Too Good for My Own Good (more about suffering, more about acceptance)

He must become greater; I must become less.  John 3:30 (Image from iStock)

He must become greater; I must become less.
John 3:30
(Image from iStock)

Although suffering is inevitable, Sunday’s sermon shed light on how often we suffer unnecessarily. Our stubborn will is the cause. We put something other than God in the place that he set aside for himself.

Our will goes something like this –

We worship intelligence only to end up feeling stupid.

We worship beauty only to end up feeling ugly.

We worship success only to end up feeling like a failure.

I knew before the sermon’s end what I worshipped – being a good person. It never crossed my mind (until now) that being good was anything but admirable.

The sermon put an end to my asking why I’ve felt unlovable no matter how many times I’m told “I love you.”

It put an end to my asking why I’ve felt ashamed, never mind all my attempts at being perfect.

It put an end to my asking why I’ve felt unkind even though my husband says over and over, “You’re the most caring person I know.”

How did trying to be good turn out so bad?

It’s pretty simple when I apply the sermon’s formula – I worshipped my own goodness only to end up feeling anything but good.

I put my goodness before his Godness, and nothing good comes from that.

What’s getting in the way (no matter how admirable you deem it) of your relationship with God?

WRite wHere I’m supposed to be – I’ve wanted to get out of my own way for some time now. Thank you, Iain, for the sermon. Thank you, God, for the shove.

On the side: I’m posting next about Robin Williams and suicide – a man and a topic that deserve to be talked about.


6 responses »

  1. Interestingly…I’ve been thrashed so badly by circumstance over the past few years that I don’t feel particularly unworthy or undeserving.

    I’m feeling pretty good that I’m still standing, and have not yet given up.

    I may lose this fight, but when I meet God, I’m going to look Him right in the eye. After this Hell, I bow to No One. Hope He understands.

    Caveat angeli…here I come.

    • Andrew, I don’t claim to know much about God, but I do know he understands. He gets us. That’s comforting news since all of my life I’ve wanted to be understood. I bet he’ll look right back at you and say “Well done.”

  2. I thought I was good about sharing about my weaknesses with those that were struggling and allowing myself to be vulnerable. A couple of days ago I was with a person – someone I had ‘shared’ with over the years to help build her up – during a very difficult situation that left me incredibly angry – to the point of tears. I was stunned that I had not been able to control my reaction to (what I perceived to be) an injustice and embarrassed that this person who looked up to me witnessed it. I asked myself why I was so shaken by it. And then it hit me. Or should I say: HE hit me. I had (oh-so-admirably) shared what I chose to share – enough that I could be well-thought of for how ‘grounded’ and ‘open’ I am. So when she saw me – the REAL, vulnerable, sloppy-self – exposed, I couldn’t control the perception. It was clear to me that I had never truly allowed myself to be vulnerable in the truest sense of the word – a way that strips through all arrogance. More tears.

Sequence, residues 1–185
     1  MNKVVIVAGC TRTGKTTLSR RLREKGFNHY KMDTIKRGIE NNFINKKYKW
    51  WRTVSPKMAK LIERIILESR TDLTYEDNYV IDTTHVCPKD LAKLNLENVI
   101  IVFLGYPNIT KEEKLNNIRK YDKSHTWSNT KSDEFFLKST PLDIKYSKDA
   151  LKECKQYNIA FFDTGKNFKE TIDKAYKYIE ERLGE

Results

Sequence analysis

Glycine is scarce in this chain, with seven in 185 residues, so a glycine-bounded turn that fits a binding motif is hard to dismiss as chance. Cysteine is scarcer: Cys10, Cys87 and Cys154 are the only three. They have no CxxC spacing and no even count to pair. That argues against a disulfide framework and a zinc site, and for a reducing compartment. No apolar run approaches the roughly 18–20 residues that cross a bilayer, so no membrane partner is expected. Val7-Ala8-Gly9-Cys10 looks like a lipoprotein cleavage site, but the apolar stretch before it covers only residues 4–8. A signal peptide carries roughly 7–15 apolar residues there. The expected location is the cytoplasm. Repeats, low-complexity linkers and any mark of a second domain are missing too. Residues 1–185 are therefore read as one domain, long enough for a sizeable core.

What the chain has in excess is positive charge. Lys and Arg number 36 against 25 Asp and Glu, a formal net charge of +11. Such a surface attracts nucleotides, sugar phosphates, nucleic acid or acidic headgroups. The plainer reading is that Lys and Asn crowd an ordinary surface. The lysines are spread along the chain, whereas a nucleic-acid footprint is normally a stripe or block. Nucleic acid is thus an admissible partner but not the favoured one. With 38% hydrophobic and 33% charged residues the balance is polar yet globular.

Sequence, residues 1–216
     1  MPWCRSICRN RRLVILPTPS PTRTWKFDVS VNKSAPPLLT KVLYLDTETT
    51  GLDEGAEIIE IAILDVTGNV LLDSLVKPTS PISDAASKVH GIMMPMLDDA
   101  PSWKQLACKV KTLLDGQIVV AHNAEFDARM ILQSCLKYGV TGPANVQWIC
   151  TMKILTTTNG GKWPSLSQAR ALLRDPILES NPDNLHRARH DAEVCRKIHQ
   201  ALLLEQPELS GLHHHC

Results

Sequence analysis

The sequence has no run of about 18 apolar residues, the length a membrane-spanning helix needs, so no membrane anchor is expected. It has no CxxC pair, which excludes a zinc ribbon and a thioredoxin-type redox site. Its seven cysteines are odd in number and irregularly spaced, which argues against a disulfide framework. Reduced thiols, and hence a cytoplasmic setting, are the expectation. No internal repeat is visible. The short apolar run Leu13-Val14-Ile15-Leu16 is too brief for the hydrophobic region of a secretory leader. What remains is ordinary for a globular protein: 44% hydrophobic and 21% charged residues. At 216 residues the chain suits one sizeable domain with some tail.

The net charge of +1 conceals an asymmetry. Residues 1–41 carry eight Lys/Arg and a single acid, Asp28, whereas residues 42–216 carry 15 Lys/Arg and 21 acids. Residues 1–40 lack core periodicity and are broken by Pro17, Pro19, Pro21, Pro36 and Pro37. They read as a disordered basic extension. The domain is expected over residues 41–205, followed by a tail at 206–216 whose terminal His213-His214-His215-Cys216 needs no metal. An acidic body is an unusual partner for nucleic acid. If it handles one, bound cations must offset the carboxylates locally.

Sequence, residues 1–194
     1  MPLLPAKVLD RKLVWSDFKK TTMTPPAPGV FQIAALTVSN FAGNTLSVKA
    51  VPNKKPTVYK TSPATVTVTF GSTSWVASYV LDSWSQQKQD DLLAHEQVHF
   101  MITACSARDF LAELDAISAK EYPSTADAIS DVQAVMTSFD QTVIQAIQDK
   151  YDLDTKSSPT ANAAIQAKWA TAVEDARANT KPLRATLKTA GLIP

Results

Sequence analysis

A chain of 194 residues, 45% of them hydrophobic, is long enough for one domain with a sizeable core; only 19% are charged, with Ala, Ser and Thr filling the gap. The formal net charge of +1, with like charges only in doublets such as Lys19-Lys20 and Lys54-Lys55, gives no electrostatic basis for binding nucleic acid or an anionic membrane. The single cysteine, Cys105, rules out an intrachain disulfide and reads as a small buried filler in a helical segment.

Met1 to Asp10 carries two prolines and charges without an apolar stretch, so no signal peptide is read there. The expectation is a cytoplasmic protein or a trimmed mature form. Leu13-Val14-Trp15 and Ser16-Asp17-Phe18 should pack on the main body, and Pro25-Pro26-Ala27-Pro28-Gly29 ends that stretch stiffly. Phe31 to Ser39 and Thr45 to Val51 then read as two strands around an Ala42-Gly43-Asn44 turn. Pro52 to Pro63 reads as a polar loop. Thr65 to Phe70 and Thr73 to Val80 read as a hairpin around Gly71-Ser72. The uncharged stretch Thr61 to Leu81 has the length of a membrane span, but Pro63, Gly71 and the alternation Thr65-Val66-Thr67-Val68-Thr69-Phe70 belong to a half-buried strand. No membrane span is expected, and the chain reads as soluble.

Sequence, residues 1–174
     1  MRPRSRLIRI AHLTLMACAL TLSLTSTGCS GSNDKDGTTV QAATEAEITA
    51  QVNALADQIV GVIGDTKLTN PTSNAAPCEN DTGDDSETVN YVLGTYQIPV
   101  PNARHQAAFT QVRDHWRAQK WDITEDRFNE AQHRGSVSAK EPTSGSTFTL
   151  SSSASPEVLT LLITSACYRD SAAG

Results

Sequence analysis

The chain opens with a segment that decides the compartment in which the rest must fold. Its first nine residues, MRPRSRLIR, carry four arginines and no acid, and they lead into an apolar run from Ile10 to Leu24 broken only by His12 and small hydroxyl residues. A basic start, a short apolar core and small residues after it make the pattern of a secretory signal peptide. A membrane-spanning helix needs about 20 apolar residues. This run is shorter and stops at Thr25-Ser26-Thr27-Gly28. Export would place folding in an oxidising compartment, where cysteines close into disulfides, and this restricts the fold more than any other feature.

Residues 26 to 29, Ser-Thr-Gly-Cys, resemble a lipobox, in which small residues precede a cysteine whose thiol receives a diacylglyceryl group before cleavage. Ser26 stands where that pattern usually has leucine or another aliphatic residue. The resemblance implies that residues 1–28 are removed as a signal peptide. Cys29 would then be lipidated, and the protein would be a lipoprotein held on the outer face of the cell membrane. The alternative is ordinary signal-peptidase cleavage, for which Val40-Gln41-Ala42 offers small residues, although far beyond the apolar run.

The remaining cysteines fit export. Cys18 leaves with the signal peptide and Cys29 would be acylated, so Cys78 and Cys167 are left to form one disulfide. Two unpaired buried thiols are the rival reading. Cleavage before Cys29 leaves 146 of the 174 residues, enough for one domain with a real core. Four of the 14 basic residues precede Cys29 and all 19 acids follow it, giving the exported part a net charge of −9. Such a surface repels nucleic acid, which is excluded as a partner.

• Shel, I’m touched by your honesty here. Isn’t it something when that veil lifts and we see ourselves in a different light? I keep thinking I’m so old that surely I know who I am and see through whatever it is I’m doing and have just about completed this journey of self-discovery … oh, no, I surely have not.

      I appreciate your comment more than you’ll ever know. Really – it helps me keep the masks to a minimum. Thank you, friend!

  3. Yes, trying to be good always turns out so bad. I, have learned that in the only way I seem to learn anything–through experience.
    For me, there is always a creeping temptation to return to old, dead ways of trying to be good enough for God.
    I find myself trying to behave like God outwardly by analyzing God instead of becoming like God inwardly by experiencing His transforming presence. I tend to depersonalize God–thinking abstractly about Him as a concept, instead of relating to Him personally.
    When this kind of shift takes place, I am often unaware of it until I realize I am exhausted under the weight of the imagined disapproval of God. Then I rediscover the truth that God loves me, and it always seems to be a surprising realization.
    I don’t know if that makes sense, but I’ve spent decades keeping God at arms length by intellectualizing Him and I’m still breaking away from that old heart pattern.
    Good insight, Kim. Very helpful. Keep writing.

    • Dave, it makes more sense than I’d like to admit – yep, I’m more comfortable staying in my head (thinking) than getting into my heart (feeling). Exhaustion is one of my red flags also, so are shying away from writing and eating too much chocolate. These three let me know when I’ve taken a step (or two or three) into the past where I’m never good enough and God seems punishing. I really like “becoming like God inwardly by experiencing His transforming presence.” Thanks for sharing!

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